Dad vs. Twin

Since my twin sister moved to California a little over two years ago, her relationship with my dad slowly but surely deteriorated. She’s chasing after her dream, but while she’s doing it, she’s leaving my dad with broken promises and forgotten duties. I don’t want to get into the specifics of their falling out because it really is just one whole complicated web of unspoken feelings and pent up frustrations.

But throughout these two years, I watched how my dad gradually stopped talking to her and how my sister subsequently stopped trying to talk to him, all the while feeling this weight on my shoulder getting heavier and heavier.

Before I visited my sister this past summer, my mom told me to talk to her and convince her to see things from my dad’s perspective. And I did that. I talked to her. But after that, she asked me if I could talk to my dad after I got home and help him see things from her perspective. My mom asked me to do the same thing also. And I did that too.

Last week, I was finally able to talk to him. This is exactly how it started.

Me: Dad, I want to talk to you about something.
Dad: What is it, sweetheart?
Me: You have to promise me that you won’t get mad.
Dad: I won’t get mad.
Me: Do you promise?
Dad: I promise.
Me: It’s about Ach.
Dad *rolls eyes and exhales loudly*
Me: You promised you won’t get mad.
Dad: I’m not mad. What about her?

He kept his promise. He didn’t get mad. But he broke my heart a bit when he kept on saying he didn’t care about what my sister did/is doing/will do with her life.

At the same time though, I understand where he’s coming from. He wants what’s best for his daughter, and I get that it’s frustrating that his daughter refuses his ideas and opinions. I know he doesn’t mean what he said and that his words came from a place of hurt.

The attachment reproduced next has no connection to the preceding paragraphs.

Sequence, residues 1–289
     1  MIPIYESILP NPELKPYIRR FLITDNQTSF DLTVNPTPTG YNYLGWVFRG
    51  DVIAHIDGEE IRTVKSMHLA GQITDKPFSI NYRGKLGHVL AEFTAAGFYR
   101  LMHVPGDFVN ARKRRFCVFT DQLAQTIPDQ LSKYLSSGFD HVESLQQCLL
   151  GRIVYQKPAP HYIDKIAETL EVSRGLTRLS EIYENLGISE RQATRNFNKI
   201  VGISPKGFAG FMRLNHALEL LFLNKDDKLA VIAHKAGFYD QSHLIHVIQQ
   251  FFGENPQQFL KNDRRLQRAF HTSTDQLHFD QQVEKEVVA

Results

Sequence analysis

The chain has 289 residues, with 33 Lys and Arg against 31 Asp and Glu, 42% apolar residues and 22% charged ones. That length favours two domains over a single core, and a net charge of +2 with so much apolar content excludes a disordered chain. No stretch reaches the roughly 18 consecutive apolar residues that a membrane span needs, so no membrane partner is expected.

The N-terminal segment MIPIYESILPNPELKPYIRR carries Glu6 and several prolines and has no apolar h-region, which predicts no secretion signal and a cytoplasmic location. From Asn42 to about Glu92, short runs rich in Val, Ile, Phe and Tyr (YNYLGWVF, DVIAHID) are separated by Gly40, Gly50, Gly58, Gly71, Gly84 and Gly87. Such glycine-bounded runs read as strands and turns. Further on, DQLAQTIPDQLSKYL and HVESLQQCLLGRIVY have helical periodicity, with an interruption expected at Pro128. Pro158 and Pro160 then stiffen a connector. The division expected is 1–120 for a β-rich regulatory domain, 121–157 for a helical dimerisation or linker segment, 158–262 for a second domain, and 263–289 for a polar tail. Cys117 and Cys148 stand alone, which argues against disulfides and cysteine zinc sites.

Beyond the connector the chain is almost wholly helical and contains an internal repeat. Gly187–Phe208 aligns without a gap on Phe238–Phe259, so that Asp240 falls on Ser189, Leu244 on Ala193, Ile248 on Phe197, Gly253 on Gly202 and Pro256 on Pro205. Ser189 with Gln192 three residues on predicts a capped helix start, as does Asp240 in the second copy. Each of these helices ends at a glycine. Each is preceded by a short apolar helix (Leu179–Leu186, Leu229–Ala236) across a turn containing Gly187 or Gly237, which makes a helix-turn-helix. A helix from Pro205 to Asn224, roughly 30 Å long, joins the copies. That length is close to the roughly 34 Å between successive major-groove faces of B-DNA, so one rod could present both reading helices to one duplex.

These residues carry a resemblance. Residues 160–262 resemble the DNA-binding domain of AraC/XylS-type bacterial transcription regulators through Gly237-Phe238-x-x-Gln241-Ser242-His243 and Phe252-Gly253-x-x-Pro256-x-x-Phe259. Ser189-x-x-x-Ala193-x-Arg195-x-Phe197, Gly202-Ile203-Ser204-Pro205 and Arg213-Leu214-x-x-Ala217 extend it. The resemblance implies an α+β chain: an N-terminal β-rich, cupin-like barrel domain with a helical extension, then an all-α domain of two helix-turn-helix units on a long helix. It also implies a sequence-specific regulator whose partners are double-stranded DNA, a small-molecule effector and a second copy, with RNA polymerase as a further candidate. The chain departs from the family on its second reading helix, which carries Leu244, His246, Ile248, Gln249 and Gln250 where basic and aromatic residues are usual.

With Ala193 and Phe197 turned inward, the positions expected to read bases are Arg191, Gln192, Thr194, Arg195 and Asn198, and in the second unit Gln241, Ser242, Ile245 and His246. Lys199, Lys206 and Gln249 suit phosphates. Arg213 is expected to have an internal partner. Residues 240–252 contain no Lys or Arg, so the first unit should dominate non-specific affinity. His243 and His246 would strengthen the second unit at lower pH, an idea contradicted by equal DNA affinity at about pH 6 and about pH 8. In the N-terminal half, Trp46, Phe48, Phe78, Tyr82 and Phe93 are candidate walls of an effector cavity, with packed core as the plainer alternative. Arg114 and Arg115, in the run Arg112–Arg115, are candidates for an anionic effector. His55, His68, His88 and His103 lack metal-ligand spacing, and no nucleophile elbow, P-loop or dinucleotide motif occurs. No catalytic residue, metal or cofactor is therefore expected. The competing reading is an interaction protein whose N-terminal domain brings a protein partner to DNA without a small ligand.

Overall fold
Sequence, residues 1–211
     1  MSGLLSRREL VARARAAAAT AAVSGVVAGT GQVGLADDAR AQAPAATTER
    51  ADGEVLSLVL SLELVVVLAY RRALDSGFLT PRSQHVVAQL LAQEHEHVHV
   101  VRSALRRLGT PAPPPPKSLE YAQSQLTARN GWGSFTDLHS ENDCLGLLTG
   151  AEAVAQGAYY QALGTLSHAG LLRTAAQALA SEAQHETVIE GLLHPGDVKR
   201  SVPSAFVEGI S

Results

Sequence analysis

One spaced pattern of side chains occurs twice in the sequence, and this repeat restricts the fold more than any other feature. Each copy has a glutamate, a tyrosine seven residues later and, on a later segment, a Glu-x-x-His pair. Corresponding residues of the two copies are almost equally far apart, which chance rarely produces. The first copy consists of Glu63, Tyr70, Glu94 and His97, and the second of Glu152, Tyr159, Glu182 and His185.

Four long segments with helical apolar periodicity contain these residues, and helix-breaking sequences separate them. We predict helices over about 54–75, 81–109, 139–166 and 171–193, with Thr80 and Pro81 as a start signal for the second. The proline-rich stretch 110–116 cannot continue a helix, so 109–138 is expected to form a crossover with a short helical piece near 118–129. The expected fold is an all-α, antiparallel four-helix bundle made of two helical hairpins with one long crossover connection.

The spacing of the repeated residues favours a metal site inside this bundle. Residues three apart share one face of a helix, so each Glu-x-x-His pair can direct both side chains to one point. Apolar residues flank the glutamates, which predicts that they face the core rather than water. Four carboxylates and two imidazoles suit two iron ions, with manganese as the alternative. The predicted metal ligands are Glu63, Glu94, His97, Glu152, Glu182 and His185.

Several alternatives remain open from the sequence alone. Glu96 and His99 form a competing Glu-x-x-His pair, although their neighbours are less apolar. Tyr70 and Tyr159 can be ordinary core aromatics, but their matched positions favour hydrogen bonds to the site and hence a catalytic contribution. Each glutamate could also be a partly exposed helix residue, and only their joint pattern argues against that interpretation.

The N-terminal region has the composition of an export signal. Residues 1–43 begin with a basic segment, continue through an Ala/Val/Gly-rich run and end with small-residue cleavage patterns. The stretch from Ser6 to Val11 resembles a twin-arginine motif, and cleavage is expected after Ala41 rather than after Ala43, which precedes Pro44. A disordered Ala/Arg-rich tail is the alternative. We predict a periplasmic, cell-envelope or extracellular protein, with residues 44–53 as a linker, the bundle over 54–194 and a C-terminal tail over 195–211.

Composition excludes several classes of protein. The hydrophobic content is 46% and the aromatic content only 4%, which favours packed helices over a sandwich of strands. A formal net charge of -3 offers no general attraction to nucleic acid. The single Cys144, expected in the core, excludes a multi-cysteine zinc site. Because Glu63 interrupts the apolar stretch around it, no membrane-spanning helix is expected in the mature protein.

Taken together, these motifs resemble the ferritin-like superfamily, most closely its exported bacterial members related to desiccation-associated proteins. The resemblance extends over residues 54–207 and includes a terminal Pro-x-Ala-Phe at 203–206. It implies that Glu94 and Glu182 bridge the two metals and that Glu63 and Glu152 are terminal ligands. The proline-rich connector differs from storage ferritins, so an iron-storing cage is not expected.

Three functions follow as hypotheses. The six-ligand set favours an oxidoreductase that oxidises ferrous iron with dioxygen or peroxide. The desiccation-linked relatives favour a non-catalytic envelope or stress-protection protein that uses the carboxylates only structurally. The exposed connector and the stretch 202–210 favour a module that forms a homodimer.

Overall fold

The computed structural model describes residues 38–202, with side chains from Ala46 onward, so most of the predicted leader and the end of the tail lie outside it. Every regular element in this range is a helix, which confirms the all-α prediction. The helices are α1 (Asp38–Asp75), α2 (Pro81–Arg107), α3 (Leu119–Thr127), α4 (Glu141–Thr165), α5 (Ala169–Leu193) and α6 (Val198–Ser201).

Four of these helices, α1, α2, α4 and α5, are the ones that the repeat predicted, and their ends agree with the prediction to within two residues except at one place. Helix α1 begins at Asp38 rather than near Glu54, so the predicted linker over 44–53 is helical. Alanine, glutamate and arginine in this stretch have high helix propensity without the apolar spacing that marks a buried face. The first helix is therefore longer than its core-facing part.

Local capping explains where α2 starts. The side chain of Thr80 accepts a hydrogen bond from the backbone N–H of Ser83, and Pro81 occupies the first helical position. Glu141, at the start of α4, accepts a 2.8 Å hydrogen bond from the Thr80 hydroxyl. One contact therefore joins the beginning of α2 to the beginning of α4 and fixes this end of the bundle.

And my sister, she’s had moments here and there that infuriated me, that made me think that maybe she’s completely forgotten that she’s still my parents’ daughter and our sister.

But I can’t hide the fact that she’s been doing amazingly well with planning and thinking ahead when it comes to her future. I’ve never seen her more responsible, independent and confident than the two months I spent with her a couple of months ago.

So what do I have? A father who is angry because he’s hurting, and a sister who’s slowly turning into a stranger because she’s making her dreams come true.

I just… I’m not asking for advice or tips or whatever. I know it’s not my place, nor is it my responsibility, to try and fix their relationship.

It’s just that my sister’s coming home in less than 24 hours, and I don’t want her and my dad spending the Christmas season avoiding, ignoring or fighting each other.


To the girl with the broken heart

*I wrote this years ago for myself when my boyfriend broke up with me after five years together. In my mind, I wrote this as someone who, I imagined, would be able to reach me in spite of the many barriers I put up around my heart. Recently, one of my best friends got dumped in the worst way possible by her girlfriend of seven years, and I thought maybe letting her read this can help her in some way. And I’m reposting this here just in case this finds its way to someone else who needs a hug.

I don’t see your tears. I’m not there whenever you shed them. I don’t hear the achingly deep breaths you take, thinking it could lessen the pain that made your heart its home. I’m not there whenever you feel safe enough to tuck away the smiles you work so hard on showing off to everyone around you.

It doesn’t matter though. I see right through it.

I see because I’ve felt it – the feeling of giving your all and receiving nothing in return, of trying your hardest but always ending up second best, of loving so much while hurting even more, of knowing you deserve better yet settling for what’s there.

I know what you’re going to say, that I couldn’t possibly know exactly what you’re feeling and that circumstances are different for every person. And that’s true. Our experiences may not be similar, our pain not of the same degree.

But the remedy is.